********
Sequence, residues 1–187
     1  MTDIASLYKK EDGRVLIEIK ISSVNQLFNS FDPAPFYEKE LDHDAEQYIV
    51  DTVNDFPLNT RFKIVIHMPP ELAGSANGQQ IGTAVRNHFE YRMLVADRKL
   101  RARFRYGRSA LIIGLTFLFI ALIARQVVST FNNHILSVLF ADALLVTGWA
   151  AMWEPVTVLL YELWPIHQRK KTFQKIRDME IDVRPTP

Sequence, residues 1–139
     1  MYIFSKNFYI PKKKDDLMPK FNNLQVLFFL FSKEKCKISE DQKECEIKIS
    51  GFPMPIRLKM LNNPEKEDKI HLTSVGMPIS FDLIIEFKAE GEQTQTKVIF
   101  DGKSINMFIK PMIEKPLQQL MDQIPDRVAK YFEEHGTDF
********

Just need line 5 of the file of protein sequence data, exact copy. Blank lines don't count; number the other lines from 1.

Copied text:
   151  AMWEPVTVLL YELWPIHQRK KTFQKIRDME IDVRPTP